What is your response to Digital Disruptors?
Fri, Dec 6th 2013 8:11p Brendon Jones James McQuivey, an analyst at Forrester, discusses the concept of Digital Disruption, and has a book out by the same name. It’s also available in the Kindle Lending Library. I’ve not read it yet, but will post a review in the next few weeks. However the gist of the concept is that the traditional corporate view was that only a few very large companies had the budgets to bring a few disruptive offerings to market. Since around 2010, and the dawn of the “Age of the Customer̶ [read] Keywords: exchange
Turns Out Companies Are Investing in Social Media
Wed, Dec 4th 2013 12:14p Michael Porter Google’s Wildfire commissioned a study on the How Brands Staff and Budget With Social. It’s far too long for me to replicate but here’s a couple nuggets:
There’s a lesson here and it’s that social media has become a defacto part of corporate life and interactions with customers. See the whole info graphic here. [read] Keywords: enterprise
Dreamforce: Move Marketing from a Cost Center to a Profit Center
Fri, Nov 22nd 2013 8:15a Mark Polly Well Dreamforce 13 was a whirlwind and I’m glad to be home. The final session I attended was delivered by Sungard’s VP of Marketing, Christine Nurnberger. While the title of the session said something about Marketing Metrics and ROI, it really was about how Ms Nurnberger transformed Sungard’s marketing efforts over the last 18 months. While I was hoping to learn what metrics she used and how she calculated their ROI, I took away more important information than that.
My [read] Keywords: network
Dreamforce: Developing for Google Glass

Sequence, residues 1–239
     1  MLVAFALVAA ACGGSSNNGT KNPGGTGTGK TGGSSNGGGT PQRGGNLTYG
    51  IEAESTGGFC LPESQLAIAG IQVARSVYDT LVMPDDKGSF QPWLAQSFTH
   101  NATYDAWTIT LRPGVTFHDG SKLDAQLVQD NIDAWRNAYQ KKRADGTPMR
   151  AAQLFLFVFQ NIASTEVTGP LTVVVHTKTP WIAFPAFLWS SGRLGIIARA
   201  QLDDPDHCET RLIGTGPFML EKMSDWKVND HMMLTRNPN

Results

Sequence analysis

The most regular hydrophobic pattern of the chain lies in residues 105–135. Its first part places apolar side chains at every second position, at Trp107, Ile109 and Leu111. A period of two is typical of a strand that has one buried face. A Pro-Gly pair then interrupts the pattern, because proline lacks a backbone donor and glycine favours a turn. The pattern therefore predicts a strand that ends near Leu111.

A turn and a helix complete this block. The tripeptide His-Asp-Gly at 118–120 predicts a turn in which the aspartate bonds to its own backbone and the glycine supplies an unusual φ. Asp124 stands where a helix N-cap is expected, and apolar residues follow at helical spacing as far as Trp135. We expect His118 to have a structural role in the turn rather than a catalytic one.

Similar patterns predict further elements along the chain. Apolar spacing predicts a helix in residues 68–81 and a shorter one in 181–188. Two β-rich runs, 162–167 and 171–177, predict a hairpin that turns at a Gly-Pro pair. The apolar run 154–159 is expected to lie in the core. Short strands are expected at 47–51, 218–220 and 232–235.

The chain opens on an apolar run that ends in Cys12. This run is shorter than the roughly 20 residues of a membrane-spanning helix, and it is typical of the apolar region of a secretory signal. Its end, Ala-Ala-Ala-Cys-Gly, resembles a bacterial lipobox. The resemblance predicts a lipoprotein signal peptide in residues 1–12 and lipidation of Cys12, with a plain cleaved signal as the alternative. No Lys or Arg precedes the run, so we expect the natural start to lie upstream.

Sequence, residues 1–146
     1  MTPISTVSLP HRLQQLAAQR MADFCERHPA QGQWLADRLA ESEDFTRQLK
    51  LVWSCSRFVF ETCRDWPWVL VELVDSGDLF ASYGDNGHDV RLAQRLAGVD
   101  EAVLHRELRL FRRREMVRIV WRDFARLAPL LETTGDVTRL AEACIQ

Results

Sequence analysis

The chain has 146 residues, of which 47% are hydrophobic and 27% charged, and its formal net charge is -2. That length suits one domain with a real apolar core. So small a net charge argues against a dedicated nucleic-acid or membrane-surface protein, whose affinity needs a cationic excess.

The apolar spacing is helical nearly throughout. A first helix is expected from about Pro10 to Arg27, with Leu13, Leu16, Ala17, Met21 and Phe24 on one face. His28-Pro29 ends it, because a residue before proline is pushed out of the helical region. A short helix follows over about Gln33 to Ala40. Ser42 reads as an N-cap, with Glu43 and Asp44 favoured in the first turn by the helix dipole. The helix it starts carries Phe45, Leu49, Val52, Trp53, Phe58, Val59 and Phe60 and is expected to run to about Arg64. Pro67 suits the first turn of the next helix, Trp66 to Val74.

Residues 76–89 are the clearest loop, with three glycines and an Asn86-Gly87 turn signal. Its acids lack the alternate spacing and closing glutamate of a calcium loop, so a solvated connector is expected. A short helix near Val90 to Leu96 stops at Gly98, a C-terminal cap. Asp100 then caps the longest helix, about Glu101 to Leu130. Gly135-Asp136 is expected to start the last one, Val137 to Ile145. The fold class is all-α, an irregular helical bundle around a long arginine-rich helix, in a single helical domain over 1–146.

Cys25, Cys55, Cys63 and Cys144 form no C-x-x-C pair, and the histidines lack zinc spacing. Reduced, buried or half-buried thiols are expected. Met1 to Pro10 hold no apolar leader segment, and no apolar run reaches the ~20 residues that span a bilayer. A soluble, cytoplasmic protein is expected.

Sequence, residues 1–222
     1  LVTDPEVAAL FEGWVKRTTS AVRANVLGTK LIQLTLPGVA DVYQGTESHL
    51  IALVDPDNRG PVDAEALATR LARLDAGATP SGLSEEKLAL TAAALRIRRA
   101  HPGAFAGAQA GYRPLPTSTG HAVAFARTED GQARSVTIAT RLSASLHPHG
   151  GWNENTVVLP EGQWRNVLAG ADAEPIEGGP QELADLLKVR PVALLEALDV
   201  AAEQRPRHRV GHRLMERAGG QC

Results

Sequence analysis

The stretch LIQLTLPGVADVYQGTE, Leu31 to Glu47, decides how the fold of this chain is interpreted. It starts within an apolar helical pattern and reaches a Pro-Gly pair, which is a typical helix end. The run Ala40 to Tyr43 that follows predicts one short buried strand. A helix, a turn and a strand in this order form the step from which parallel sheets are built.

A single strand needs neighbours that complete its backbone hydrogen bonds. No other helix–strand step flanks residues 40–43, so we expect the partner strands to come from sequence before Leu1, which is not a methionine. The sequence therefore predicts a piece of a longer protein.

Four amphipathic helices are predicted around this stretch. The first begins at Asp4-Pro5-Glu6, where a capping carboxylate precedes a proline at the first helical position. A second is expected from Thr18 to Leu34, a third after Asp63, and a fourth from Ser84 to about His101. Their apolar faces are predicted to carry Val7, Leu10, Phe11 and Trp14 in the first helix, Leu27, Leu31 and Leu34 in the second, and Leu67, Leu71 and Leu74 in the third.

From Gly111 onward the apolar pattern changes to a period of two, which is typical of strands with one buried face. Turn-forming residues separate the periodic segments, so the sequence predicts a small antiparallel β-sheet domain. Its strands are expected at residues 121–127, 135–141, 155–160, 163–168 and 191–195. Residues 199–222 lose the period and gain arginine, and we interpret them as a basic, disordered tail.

Thu, Nov 21st 2013 12:15p Michael Porter Maximiliano Firtman, author of the O’Reilly book, “jQuery Mobile” presented on some basics around development. It was less a look at the development tools and more a look at the options for development and the paradigm you take into account. He’s a a “Google Explorer” and has a chance to muck around with the Glasses for a bit.
It’s not the Get Smart phone shoe as a phone. It’s about a variety of tools like Google Glass, Sony [read] Keywords: apple
Dreamforce: ExactTarget Marketing Cloud Social Roadmap
Wed, Nov 20th 2013 6:18p Mark Polly Patrick Stokes, VP for Product Management at Salesforce provided highlights of the social roadmap for their Marketing Cloud. The following are the four areas that are the focus of the roadmap:
The social tools in the Marketing Cloud include Radian 6, Buddy Media and Social.com. These tools are integrated with ExactTarget to provide an overall platform for marketing. As an example, they are tying Social Advertising available through Social.com into the Jour [read] Keywords: facebook
Dreamforce: Marketing Technology Landscape
Wed, Nov 20th 2013 2:18p Mark Polly Brian Andersen (LUMA Partners) and Robin Bordoli (Marketo) gave a great presentation on the Marketing Technology Landscape. This area is to broad to get into details in one hour, so they presented an overview of the market and then suggested the following three tactics to cope with the vast amount of change going on:
Accept that buyers are in control – it used to be that the buyers contacted the seller well in advance of a sale and the sales team took over to convert that buyer into a c [read] Keywords: network
Dreamforce: YAHOO! CEO Marissa Mayer Keynote
Tue, Nov 19th 2013 7:18p Michael Porter They started off with a video of Leviev Diamonds and how they use Saleforce. The following interview includes a story about a diamond heist. They used the data in Salesforce to document the loss to the police.
Mark Benioff also interviewed the CEO’s of Men’s Warehouse and Whole Foods. Honestly, that’s quite the list of CEO’s to come to a tech conference. It includes the CEO’s of HP, YAHOO!, Leviev Diamonds, Facebook, Men’s Warehouse, and Whole Foods. [read] Keywords: community